By Jonathan Edwards
Much like myComic Bastards colleague Daniel Vlasaty (who reviewed Batwoman Rebirth #1), the eponymous Batwoman is a character that's remained more on the periphery for me. My prior exposure to her amounts to the recent Night of the Monster Men crossover and just a general awareness of her existence. However, it turns out that the introductory arc of her new solo series deals in part with the aftermath of that crossover. Namely, Kate Kane has been tasked with hunting down the party responsible for selling the same kind of "Monster Venom" that was used to create the Monster Men. Of course, this turns out to not be so cut and dry for Kate, as it appears to be connected to the events of the "lost year" of her early-20s.
And really, that's about all we get from this issue. It's a pretty standard introduction and setup to the character and story arc, where nothing in particular is all-that sacrificed or missing. But at the same time, nothing really makes this book stand out or feel particular defined tonally or thematically. It's just kind of "a superhero book" with a lead that "has a past." You're either going to buy into it or not, but either way I can't see this ending up as anyone's most anticipated book in the coming months.
One thing that does ring strange in this issue has to do with the character Safiyah. She's someone from Kate's, seen in flashbacks where only the lower half of her face is depicted. It doesn't take a genius to realize this is an attempt to build mystique around the character. Except, in the Rebirth one-shot, she's shown in full. And since the intention and expectation of those one-shots is to attract readers to the main books, it's a bit head scratching that they'd introduce Safiyah so blatantly and then try to build up to her after the fact. Maybe it wouldn't have felt like such a problem if it didn't happen in every single flashback sequence, or if we saw her whole face again before the end of the issue.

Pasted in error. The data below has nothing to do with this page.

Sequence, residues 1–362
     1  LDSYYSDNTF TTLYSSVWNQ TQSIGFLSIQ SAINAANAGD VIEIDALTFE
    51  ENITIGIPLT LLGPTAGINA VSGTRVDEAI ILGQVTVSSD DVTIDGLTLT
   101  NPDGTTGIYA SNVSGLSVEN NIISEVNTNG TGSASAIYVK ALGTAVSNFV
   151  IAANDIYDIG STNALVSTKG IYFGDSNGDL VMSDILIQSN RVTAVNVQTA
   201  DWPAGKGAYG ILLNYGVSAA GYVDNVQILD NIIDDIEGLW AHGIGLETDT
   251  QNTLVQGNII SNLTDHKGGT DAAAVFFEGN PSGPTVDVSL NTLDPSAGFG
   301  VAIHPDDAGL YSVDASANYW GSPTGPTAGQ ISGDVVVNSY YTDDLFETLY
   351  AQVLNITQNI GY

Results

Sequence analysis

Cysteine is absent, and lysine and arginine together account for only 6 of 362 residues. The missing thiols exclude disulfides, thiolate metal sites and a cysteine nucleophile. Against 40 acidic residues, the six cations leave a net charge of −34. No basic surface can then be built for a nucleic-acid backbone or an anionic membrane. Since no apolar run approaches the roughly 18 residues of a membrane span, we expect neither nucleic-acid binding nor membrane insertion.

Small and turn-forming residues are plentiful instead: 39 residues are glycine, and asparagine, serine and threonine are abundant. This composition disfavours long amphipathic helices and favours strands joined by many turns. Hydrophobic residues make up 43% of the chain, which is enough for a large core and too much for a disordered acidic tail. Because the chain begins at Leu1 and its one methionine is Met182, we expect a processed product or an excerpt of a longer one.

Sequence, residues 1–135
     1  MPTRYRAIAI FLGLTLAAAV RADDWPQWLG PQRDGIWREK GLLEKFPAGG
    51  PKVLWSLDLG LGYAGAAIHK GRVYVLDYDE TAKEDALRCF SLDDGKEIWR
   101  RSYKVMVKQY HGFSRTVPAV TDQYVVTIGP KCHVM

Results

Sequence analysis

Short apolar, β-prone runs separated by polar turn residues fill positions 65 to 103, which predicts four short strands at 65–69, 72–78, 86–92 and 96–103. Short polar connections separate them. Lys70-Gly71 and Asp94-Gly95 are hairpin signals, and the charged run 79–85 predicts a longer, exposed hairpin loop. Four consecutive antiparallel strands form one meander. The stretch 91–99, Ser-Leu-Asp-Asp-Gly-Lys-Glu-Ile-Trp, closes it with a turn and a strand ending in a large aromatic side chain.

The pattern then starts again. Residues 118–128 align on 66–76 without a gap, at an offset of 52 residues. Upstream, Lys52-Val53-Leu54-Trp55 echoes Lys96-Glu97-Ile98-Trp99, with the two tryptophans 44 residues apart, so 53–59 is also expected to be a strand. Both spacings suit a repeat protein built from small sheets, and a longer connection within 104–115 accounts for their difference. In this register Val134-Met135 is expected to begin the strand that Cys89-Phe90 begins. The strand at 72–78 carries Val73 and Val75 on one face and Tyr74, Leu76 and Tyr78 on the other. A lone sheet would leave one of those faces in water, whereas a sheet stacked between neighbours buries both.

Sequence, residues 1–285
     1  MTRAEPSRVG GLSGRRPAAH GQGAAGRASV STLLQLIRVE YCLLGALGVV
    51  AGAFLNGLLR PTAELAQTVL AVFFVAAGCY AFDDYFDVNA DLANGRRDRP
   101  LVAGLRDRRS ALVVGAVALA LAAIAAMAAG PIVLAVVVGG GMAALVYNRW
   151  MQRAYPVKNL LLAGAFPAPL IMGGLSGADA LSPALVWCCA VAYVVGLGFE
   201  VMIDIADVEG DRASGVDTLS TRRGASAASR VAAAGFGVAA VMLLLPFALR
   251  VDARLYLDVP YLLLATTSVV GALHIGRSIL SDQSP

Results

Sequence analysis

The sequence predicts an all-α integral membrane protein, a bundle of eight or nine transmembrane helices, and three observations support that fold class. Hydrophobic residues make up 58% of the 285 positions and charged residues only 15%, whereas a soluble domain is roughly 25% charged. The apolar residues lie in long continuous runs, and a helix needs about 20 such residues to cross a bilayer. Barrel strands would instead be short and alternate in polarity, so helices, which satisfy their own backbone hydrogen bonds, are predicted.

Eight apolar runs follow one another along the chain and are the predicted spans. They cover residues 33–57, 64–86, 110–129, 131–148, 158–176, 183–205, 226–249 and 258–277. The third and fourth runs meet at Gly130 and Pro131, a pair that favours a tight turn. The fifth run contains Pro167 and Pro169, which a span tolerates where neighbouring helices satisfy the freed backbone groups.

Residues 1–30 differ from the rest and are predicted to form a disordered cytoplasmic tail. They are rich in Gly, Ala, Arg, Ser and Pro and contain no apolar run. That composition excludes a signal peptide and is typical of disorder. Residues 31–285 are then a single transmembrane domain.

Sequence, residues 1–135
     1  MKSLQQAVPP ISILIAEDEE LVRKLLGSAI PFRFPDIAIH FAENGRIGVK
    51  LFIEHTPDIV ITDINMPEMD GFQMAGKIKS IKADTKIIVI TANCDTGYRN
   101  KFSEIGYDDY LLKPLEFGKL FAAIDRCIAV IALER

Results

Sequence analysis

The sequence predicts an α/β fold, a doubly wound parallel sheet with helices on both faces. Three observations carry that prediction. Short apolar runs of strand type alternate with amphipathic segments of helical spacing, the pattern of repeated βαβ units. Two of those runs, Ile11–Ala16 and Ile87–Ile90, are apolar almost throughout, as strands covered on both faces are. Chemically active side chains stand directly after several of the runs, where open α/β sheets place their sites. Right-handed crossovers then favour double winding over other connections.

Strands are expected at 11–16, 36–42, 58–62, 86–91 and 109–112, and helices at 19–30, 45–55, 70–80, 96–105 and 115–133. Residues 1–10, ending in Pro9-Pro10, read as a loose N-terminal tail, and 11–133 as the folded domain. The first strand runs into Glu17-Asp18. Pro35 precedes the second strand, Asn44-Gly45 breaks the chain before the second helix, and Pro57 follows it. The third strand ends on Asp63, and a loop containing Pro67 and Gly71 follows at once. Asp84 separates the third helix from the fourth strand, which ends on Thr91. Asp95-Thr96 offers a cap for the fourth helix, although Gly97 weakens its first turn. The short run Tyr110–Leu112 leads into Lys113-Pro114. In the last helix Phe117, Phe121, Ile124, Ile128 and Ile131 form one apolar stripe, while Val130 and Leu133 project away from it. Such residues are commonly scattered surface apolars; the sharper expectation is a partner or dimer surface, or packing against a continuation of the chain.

Overall, the art works well enough. There's nothing spectacular on display, but it gets the job done. That being said, the flashbacks offer a bit more by using the black, white, and red aesthetic. It's a tried and true color scheme that, at this point, is probably getting close to overused (if it isn't already there). Although, it's pretty appropriate when the title character's design includes the same color scheme, and it does effectively distinguish the past from the present.
Batwoman is a series I was excited for, wanted to like, and thought I would, yet this first installment fell short. I'll probably at least give it a few more issues and hope it improves, but unless you're an avid fan of the character, or want to read everything that relates to the current Detective Comics run, this is a title you can probably get away with skipping.